ciu.meta.explain {ciu} R Documentation

## ciu.meta.explain

ciu.meta.explain

### Usage

ciu.meta.explain(
ciu,
instance,
ind.inputs = NULL,
in.min.max.limits = NULL,
n.samples = 100,
concepts.to.explain = NULL,
target.concept = NULL,
target.ciu = NULL
)


### Arguments

 ciu ciu object as created with ciu function (not to be confused with CIU object as created by ciu.new). instance Input values for the instance to explain. Should be a data.frame even though a vector or matrix might work too if input names and other needed metadata can be deduced from the dataset or other parameters given to ciu.new. ind.inputs Indices of input features to explain (the set i in CIU formulae) in.min.max.limits data.frame or matrix with one row per output and two columns, where the first column indicates the minimal value and the second column the maximal value for that output. ONLY NEEDED HERE IF not given as parameter to ciu.new or if the limits are different for this specific instance than the default ones. n.samples How many instances to generate for estimating CI and CU. For inputs of type factor, all possible combinations of input values are generated, so this parameter only influences how many instances are (at least) generated for continuous-valued inputs. concepts.to.explain List of input feature concepts to explain, as defined by vocabulary provided as argument to ciu.new. If ind.inputs=NULL, then use concepts.to.explain instead. If both are NULL, then use all inputs. target.concept If provided, then calculate CIU of inputs ind.inputs.to.explain relative to the given concept rather than relative to the actual output(s). ind.inputs.to.explain should normally be a subset (or all) of the inputs that target.concept consists of, even though that not required by the CIU calculation. If a target.ciu is provided, then the target.concept doesn't have to be included in the vocabulary gives as parameter to ciu.new (at least for the moment). target.ciu ciu.result object previously calculated for target.concept. If a target.concept is provided but target.ciu=NULL, then target.ciu is estimated by a call to ciu.explain with the n.samples value given as a parameter to this call. It may be useful to provide target.ciu if it should be estimated using some other (typically greater) value for n.samples than the default one, or if it has already been calculated for some reason.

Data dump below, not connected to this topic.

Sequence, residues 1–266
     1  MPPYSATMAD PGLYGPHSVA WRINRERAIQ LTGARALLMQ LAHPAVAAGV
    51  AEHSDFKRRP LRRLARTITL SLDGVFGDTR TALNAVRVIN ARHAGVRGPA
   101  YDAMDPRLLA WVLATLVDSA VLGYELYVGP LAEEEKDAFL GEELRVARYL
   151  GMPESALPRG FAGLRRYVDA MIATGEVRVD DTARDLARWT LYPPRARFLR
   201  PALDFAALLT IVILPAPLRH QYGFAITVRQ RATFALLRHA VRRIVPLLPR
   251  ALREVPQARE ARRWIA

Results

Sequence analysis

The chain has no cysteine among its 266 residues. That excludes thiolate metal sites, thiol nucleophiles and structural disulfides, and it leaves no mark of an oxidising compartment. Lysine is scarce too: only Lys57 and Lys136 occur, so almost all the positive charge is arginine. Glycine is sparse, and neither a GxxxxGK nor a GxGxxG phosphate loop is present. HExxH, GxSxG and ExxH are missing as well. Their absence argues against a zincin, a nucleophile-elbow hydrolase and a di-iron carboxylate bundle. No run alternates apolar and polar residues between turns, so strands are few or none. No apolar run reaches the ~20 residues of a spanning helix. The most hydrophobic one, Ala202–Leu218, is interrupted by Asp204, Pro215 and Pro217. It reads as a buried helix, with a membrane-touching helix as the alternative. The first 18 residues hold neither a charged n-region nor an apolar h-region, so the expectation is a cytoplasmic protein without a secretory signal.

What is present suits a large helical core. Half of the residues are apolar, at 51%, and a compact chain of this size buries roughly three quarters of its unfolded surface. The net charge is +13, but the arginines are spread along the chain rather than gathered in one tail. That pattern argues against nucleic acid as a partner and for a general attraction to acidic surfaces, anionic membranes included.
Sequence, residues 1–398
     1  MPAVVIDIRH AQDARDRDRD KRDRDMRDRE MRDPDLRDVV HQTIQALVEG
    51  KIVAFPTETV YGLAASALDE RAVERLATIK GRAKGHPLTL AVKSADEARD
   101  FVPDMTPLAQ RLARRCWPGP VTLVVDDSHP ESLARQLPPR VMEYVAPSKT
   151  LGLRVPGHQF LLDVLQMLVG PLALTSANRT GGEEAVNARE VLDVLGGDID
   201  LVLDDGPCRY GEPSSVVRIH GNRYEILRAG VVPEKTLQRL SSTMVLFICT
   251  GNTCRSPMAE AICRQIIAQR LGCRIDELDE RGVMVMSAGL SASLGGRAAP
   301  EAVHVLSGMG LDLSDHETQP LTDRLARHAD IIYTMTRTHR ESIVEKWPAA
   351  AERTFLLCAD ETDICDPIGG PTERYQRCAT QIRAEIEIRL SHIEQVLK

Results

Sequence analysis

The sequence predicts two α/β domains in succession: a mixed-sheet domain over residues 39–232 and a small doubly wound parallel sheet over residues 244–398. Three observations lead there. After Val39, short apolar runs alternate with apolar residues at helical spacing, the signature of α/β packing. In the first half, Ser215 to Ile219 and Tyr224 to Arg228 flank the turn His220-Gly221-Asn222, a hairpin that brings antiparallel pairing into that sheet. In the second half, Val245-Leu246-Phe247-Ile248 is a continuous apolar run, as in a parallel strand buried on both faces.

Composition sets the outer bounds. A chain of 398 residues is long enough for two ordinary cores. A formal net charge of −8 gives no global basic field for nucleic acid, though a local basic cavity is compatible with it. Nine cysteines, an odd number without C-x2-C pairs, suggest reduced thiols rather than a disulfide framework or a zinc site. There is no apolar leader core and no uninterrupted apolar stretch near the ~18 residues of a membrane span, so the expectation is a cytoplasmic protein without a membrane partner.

### Value

An object of class ciu.meta.result.

Kary Främling

### Examples

# Explaining the classification of an Iris instance with lda model.
# We use a versicolor (instance 100).
library(MASS)
test.ind <- 100
iris_test <- iris[test.ind, 1:4]
iris_train <- iris[-test.ind, 1:4]
iris_lab <- iris[[5]][-test.ind]
model <- lda(iris_train, iris_lab)

# Create CIU object
ciu <- ciu.new(model, Species~., iris)

# Get ciu.meta.result. This can either be 'ciu$meta.explain(...)' # or 'ciu.meta.explain(ciu, ...)' ciu.meta <- ciu$meta.explain(iris_test)

# Use same result for different visualisations.
ciu$ggplot.col.ciu(ciu.meta = ciu.meta) ciu$barplot.ciu(ind.output = 2, ciu.meta = ciu.meta)
ciu$pie.ciu(ind.output = 2, ciu.meta = ciu.meta) # Same with Boston Housing data set. library(caret) gbm <- train(medv ~ ., Boston, method="gbm", trControl=trainControl(method="cv", number=10)) ciu <- ciu.new(gbm, medv~., Boston) instance <- Boston[370,1:13] ciu.meta <- ciu$meta.explain(instance)
ciu$barplot.ciu(ciu.meta = ciu.meta, sort = "CI") ciu$pie.ciu(ciu.meta = ciu.meta)
ciu\$ggplot.col.ciu(ciu.meta = ciu.meta)



[Package ciu version 0.5.0 Index]